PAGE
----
Maj. Gen. Giles Vanderhoof, outgoing adjutant general of the Nevada National Guard, said Friday the U.S. Defense Department plan to transfer a C130 heavy lift squadron from Reno to Arkansas would expose the state's residents to dangers both from natural disasters and potential terror attacks.
Joined by Col. Cindy Kirkland, who will take over as adjutant general Wednesday, he said the state has a good case because the decision was made without fairly reviewing the consequences and without consulting with state officials who, he argued, have the final say.
"The general officer in charge of BRAC (the Base Realignment And Closure program) for the Air Force openly admitted we were intentionally excluded from the process," Vanderhoof said. "The Army bases all had input. The Air Force chose to keep it a secretive process and keep us out of it."
He said the announcement that more than half the Reno Air National Guard's operations would be transferred elsewhere came out of the blue.
"I feel like I got dealt one from the bottom of the deck," he said. "We are not going to accept this."
He said another "bottom of the deck" move by the defense department was to bar federal military personnel such as Kirkland from talking about the recommendations "unless it's in support."
As adjutant general, Vanderhoof is a state employee not bound by that restriction. Kirkland will be promoted to brigadier general and become a state employee when she takes over Wednesday.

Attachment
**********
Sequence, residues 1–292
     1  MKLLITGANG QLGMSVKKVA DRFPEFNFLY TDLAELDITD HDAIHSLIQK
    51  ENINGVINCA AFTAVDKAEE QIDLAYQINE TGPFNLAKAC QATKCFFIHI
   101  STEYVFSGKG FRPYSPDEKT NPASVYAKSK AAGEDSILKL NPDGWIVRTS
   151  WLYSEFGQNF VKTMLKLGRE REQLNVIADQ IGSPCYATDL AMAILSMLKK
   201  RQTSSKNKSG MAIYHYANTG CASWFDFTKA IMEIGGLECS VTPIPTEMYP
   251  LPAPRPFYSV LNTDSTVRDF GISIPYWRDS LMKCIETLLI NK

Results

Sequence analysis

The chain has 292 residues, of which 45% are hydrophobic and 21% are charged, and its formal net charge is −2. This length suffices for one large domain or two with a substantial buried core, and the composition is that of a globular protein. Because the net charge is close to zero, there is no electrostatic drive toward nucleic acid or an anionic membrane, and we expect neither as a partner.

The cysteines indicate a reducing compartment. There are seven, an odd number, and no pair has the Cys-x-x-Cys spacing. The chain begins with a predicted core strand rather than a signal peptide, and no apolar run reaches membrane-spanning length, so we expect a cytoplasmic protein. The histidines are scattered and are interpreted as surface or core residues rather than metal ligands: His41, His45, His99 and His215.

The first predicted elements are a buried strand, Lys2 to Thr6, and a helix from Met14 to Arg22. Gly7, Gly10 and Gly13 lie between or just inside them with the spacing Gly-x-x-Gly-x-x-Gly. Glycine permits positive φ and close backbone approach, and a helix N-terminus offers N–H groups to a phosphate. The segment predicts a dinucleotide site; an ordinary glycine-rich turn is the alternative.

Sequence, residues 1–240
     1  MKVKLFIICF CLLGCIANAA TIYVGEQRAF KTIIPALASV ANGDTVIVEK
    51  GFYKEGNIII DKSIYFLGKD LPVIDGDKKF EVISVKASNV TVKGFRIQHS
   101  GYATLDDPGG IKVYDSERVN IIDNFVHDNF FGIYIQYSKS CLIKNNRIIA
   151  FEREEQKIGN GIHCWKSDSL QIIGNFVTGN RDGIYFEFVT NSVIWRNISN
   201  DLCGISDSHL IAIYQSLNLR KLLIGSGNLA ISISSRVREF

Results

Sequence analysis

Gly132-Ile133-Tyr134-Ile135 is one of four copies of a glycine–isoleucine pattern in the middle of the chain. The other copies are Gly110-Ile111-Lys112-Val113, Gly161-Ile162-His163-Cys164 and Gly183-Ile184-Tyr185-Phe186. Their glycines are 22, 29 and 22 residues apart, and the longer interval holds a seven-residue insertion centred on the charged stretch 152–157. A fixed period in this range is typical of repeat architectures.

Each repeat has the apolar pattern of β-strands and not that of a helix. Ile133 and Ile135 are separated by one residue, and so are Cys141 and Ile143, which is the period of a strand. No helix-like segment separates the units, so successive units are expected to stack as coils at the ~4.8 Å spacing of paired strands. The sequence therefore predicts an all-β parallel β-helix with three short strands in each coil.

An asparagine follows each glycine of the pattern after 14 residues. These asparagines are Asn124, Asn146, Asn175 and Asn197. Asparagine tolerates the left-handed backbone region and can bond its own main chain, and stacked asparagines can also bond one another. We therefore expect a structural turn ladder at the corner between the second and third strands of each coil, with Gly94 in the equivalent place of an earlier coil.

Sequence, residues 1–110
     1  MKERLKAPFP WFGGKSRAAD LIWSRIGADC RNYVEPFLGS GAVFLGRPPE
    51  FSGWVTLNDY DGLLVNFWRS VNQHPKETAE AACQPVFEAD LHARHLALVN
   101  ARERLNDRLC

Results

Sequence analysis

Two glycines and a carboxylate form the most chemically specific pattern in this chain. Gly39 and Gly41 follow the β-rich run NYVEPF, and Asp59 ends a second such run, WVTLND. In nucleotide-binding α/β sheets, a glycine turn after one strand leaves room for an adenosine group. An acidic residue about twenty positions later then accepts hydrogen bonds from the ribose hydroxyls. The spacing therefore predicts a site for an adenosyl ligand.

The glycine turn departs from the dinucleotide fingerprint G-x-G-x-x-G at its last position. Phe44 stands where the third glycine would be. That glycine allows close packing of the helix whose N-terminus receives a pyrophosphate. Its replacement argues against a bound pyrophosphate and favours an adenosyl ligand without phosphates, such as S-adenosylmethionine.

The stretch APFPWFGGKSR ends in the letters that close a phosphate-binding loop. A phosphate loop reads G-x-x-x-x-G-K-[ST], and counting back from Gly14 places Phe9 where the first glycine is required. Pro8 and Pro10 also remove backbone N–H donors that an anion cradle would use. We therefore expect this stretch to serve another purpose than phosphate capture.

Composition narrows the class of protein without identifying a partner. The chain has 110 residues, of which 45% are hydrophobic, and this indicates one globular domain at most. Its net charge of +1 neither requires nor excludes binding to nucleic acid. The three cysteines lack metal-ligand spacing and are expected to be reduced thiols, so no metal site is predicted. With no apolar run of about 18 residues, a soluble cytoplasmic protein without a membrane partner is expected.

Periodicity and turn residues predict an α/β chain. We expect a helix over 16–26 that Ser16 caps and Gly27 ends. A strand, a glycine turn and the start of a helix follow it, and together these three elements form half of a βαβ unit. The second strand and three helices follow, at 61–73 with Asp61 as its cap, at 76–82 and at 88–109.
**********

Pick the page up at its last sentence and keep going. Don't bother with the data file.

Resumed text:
At that point, she said, she will be free to take up the fight alongside Vanderhoof, who will be Nevada's director of homeland security.
He said Nevada's hole card is a federal law giving Nevada's governor a final say in whether any National Guard unit is transferred out of the state. He said Gov. Kenny Guinn has already joined more than 15 other governors in sending letters to the Secretary of Defense citing that law. He said two states have already threatened suit.
Vanderhoof said the guard, unlike the regular, active military, has a dual mission - federal and state.
"They just cut the head off the state mission and did not consider homeland security in this mission," he said.
Vanderhoof said Reno's C130s are one of only two squadrons west of the Rockies capable of heavy lift missions. He said they would be critical if a biological or chemical terrorist incident occurred to move special teams in and around Nevada.
He said they also have highly specialized imaging equipment that can spot enemy vehicles and troop concentrations at night and beneath heavy foliage and map hot spots in a forest fire despite heavy smoke.
Even less logical, he said, the Air Force plan is to move the aircraft but leave the high-tech intelligence center and its skilled personnel who analyze data collected by those aircraft in Reno.
For the city, he said the loss of the C130s, the personnel and other functions that go with them would cost the Reno area economy at least $22 million a year.
He said backed by the governor's letter, the Nevada Guard would take its case to the BRAC commission and point out the numerous errors and omissions in the report recommending the transfer.
"It was a skewed process," he said. "Their figures are not accurate."
- Contact reporter Geoff Dornan at email@example.com or 687-8750.